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Congress gets a say on Obama's Iran nuke deal

WASHINGTON, DC - JANUARY 20: The early morning sun begins to rise benhind the US Capitol building on January 20, 2015 in Washington, DC. (Photo by Mark Wilson/Getty Images)

The House approved legislation on Thursday that gives Congress a chance to review any Iran nuclear agreement reached by the Obama administration this summer, and lets members reject it if they don't think it goes far enough to stop Iran's nuclear program.

Legislators passed the bill that the Senate approved a week earlier in a 98-1 vote. The House passed it 400-25, an overwhelming show of support for a bill that ends months of fighting over the precise role Congress will play if an Iran agreement is finalized.

Both the House and the Senate have passed a bill giving Congress a say in any final Iran nuclear agreement reached by the Obama administration.

Nineteen of the "no" votes came from Republicans, and the rest came from Democrats.

House Majority Leader Kevin McCarthy (R-Calif.) cheered House passage of the measure, and said it's a victory for Congress over the Obama administration, which had resisted giving Congress any role in the talks.

"It is both ridiculous and insulting that the president wants to bind our country to an agreement without even consulting the people's elected representatives, especially since so many are concerned about the terms of a proposed deal," he said. "That's why the House has acted today, passing a bill that will give Congress the authority to review the Iran nuclear deal."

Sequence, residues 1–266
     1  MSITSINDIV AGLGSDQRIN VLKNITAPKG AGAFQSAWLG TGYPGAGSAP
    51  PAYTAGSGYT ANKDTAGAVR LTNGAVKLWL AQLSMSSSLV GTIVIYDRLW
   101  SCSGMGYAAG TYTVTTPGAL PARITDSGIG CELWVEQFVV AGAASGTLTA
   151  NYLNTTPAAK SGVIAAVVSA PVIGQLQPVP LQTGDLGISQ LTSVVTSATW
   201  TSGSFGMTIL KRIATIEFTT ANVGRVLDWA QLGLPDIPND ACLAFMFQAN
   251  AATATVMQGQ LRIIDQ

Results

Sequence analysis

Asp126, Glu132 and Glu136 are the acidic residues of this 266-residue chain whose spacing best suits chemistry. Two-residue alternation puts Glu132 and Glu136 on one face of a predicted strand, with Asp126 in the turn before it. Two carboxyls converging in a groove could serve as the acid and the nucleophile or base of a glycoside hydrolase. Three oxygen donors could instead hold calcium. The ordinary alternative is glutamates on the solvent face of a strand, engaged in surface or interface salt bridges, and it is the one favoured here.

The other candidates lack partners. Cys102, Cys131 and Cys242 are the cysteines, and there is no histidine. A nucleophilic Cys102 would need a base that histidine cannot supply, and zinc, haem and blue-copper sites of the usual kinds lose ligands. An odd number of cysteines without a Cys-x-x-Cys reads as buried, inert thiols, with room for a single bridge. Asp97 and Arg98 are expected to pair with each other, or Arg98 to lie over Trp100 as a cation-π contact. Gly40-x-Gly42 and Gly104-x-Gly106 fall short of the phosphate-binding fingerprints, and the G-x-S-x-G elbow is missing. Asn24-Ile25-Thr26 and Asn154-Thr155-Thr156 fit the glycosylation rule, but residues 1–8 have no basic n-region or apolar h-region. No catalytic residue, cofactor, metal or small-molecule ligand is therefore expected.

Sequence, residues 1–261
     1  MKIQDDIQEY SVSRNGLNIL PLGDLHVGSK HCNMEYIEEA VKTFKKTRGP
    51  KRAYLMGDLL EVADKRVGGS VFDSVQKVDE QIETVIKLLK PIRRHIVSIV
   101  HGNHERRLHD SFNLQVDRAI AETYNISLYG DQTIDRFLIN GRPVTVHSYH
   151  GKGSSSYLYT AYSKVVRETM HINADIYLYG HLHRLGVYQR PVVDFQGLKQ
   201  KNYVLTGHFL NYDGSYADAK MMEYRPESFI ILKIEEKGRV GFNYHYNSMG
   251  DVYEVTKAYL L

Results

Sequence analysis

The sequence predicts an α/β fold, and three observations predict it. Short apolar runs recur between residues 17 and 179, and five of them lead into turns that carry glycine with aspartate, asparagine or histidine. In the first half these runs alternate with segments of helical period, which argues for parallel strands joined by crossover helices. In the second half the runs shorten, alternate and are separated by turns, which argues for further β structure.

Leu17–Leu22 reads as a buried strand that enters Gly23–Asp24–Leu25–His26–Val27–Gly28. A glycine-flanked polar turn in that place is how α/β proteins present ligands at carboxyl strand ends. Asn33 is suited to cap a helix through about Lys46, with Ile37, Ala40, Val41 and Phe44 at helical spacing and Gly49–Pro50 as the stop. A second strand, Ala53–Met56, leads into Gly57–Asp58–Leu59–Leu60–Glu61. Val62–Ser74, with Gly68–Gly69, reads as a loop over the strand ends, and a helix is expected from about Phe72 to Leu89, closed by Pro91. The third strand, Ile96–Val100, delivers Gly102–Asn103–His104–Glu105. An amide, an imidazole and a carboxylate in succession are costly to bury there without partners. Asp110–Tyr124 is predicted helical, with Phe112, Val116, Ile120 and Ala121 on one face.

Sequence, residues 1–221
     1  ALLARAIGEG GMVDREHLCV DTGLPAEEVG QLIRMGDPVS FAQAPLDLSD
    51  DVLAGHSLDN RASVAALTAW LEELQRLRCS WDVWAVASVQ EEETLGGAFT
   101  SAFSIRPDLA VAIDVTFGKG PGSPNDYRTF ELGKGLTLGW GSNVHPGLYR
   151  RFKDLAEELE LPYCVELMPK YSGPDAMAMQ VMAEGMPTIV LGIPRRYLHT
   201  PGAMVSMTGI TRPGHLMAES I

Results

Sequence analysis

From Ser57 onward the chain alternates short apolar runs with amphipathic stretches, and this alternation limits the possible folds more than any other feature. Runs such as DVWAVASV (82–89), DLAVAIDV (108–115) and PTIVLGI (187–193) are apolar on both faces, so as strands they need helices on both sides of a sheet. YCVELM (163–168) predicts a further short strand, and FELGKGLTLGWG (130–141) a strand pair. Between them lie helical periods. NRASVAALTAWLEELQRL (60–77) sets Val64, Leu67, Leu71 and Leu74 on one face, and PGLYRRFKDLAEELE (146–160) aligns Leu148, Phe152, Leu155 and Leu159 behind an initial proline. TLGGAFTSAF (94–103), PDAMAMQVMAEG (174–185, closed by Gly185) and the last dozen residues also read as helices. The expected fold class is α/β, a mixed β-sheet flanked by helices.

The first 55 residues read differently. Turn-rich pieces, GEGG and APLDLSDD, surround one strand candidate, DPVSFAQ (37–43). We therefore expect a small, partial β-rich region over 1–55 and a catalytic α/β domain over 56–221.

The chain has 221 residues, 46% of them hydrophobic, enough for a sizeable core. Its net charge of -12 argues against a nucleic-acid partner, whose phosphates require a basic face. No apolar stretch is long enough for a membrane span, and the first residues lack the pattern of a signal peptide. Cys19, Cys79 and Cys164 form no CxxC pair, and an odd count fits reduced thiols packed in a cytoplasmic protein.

Still, many Republicans have been skeptical of the measure, and say it makes it too easy for the Obama administration to get what it wants. Under the bill, Congress will have the ability to disapprove of an Iran nuclear agreement, and send that disapproval to President Obama.

But Obama will be able to veto that, and if he did, Congress would have to override the veto in order to block the deal. That means a two-thirds majority in each chamber would have to vote to override the veto, a margin that seems highly unlikely given the expected Democratic support for whatever agreement Obama strikes.

Senators like Tom Cotton (R-Ark.) have said that instead of this chain of events, Congress should have to affirmatively approve the agreement. Instead, the bill would let the agreement take effect automatically unless Congress can pass a resolution of disapproval.

In the Senate, Cotton was the only member to vote against the bill last week.

House passage sends it to the White House for Obama's signature into law. Obama spent weeks trying to convince Congress not to pass the bill at all, but was finally convinced to change his mind once Republicans and Democrats agreed to the final bill in the Senate.

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